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Trusted Income from T. Rowe Price

T. Rowe Price has paid a dividend every year since its 1986 public offering.

I’m no fan of mutual funds. Whether I find them attractive or not, mutual funds are attractive to many investors. Over 9,500 mutual funds hold over $16 trillion of investor assets, explains Stephen Mauzy, editor of Wyatt Research’s Daily Profit.

And fund investors are attracted to Baltimore-based mutual-fund company T. Rowe Price (TROW). The attraction is understandable.

Financial companies serve as stewards of their customers’ money. Stewardship is earned through trust. Lose the trust, lose the customer. Few financial companies are more deserving of their customers’ trust than T. Rowe Price.

It has also earned income investors’ trust. T. Rowe Price has paid a dividend every year since its 1986 public offering. The dividend has been increased every one of those years.

These years include the great financial crisis of 2008 that had all the major commercial and investment banks reeling on the ropes.

Trust reflects in assets under management (AUM). T. Rowe Prices’ AUM exceeds $861 billion. Revenue and earnings are derived from investment advisory fees for managing assets. As AUM goes, so go revenue and earnings.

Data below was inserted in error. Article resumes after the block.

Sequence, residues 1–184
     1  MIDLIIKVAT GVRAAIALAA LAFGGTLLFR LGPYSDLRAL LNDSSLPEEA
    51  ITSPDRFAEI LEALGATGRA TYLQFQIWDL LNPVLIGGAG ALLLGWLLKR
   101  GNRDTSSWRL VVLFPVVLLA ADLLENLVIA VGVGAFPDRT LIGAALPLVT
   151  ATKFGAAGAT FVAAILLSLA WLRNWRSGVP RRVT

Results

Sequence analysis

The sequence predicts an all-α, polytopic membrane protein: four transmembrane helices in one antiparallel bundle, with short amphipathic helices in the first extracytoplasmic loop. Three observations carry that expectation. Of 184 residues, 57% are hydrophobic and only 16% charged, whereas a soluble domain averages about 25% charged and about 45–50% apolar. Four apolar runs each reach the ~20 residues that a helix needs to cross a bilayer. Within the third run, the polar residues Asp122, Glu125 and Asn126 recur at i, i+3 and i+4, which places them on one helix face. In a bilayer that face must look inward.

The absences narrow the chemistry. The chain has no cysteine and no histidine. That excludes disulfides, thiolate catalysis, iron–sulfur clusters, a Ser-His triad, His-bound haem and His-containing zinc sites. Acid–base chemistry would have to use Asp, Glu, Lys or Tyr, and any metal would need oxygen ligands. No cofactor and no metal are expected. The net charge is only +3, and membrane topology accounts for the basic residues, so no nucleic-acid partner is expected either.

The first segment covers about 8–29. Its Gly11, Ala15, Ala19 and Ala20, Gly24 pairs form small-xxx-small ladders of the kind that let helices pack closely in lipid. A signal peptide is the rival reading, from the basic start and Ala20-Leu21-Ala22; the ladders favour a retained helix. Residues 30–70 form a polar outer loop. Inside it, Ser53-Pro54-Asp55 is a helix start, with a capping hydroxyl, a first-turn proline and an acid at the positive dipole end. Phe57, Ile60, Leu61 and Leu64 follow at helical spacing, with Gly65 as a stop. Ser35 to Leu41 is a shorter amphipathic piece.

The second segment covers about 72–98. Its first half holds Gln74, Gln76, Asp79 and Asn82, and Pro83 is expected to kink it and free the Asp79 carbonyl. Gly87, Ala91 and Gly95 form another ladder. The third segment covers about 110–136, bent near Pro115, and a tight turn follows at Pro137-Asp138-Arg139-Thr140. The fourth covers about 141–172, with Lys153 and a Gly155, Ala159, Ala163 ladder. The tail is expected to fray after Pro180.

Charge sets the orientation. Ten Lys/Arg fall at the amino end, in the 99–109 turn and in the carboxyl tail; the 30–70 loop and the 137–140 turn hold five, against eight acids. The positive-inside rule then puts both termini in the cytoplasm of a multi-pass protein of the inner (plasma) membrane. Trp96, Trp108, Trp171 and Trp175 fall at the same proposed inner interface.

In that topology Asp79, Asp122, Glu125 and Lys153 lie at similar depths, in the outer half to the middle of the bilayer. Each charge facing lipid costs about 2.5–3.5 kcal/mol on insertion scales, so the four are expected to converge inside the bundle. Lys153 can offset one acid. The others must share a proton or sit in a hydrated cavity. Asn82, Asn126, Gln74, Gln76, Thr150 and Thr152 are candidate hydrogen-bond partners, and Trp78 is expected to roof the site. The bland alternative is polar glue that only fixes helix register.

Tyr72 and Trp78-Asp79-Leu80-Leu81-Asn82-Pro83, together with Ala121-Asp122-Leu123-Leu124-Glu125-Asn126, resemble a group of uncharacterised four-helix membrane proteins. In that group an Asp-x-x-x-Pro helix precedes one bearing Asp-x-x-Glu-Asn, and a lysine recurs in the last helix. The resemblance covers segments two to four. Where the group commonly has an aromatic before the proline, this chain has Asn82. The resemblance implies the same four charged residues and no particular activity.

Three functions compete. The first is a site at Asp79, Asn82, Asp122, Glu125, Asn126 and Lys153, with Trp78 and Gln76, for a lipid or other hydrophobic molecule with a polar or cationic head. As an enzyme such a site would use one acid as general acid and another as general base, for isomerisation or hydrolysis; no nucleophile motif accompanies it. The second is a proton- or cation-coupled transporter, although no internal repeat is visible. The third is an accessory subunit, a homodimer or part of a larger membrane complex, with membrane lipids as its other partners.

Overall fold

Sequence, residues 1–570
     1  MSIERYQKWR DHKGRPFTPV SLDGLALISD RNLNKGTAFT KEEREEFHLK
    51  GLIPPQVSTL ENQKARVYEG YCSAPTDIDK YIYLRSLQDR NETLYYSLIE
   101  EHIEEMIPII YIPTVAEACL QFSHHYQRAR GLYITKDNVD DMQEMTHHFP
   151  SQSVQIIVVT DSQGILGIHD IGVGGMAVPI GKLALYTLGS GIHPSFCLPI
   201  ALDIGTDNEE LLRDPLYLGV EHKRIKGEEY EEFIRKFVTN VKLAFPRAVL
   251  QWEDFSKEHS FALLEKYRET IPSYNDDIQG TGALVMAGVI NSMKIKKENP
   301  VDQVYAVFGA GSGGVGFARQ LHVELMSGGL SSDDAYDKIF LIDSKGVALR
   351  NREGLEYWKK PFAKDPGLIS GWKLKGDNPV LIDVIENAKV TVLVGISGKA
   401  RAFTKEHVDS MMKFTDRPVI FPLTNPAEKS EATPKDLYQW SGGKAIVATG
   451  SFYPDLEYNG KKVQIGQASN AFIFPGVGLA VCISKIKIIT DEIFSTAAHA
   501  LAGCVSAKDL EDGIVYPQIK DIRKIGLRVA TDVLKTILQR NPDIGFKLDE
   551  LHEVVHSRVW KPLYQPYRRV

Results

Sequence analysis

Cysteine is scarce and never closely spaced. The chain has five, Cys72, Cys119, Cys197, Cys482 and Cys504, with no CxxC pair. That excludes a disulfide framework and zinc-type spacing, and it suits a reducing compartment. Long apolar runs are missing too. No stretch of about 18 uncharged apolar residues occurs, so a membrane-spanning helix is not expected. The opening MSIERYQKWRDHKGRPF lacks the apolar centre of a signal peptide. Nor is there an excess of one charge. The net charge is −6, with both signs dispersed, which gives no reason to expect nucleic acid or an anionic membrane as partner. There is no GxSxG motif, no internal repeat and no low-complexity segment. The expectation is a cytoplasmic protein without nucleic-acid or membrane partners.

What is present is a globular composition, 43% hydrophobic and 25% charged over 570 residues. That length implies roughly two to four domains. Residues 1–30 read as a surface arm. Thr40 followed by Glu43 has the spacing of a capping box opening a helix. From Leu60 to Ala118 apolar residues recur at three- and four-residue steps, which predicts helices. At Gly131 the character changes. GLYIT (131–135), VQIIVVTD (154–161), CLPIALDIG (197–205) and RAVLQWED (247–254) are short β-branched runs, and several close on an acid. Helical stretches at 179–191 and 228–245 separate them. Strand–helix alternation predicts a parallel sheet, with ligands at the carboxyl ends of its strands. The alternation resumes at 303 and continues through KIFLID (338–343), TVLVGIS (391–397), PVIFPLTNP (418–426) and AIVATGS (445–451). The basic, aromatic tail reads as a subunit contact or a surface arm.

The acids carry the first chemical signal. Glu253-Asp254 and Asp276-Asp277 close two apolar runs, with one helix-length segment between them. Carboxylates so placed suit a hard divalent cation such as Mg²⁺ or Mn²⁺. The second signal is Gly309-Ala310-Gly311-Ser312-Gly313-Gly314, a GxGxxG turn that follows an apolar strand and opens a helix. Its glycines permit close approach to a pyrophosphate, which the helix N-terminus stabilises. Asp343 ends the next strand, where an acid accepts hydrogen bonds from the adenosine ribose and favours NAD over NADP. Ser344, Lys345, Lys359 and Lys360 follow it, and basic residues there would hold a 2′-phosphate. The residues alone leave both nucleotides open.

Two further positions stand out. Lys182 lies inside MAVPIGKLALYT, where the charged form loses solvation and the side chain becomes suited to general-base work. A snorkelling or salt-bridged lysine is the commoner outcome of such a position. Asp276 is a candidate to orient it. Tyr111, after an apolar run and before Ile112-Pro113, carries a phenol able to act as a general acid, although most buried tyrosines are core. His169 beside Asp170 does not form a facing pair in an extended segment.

EPS has grown at a respectable 7.9% average annual rate since 2007. The dividend has grown at an even more respectable rate, 12.5% annually.

What’s more, the regular dividend has twice been supplemented by a special dividend. A $1-per-share special dividend was paid in 2012; a $2-per-share special dividend was paid in 2015. The dividend consumes a conservative 45% of T. Rowe Price’s current earnings.

That the company readily converts earnings growth to dividends growth is understandable.

A 30% net margin means much of what is reported on the top line drops to the bottom line.

It also means the cash account is continually replenished. T. Rowe Price carries $1.6 billion in cash and cash equivalents on its balance sheet. This divides to approximately $6.40 of cash per share.

Because cash isn’t paid as interest and principal to bondholders, because there are none, it can be used to increase dividends annually and to buy back shares. Shares outstanding have been reduced 7.8% over the past three years.

T. Rowe Price offers a 3% dividend yield, an enticing entry yield for a dividend aristocrat. I’m no mutual-fund investors, so I have little attraction to T. Rowe Price’s funds. I am income investor, though. I find T. Rowe Price’s dividend growth very attractive.

Stephen Mauzy, CFA, is the income-investing specialist at Wyatt Investment Research.

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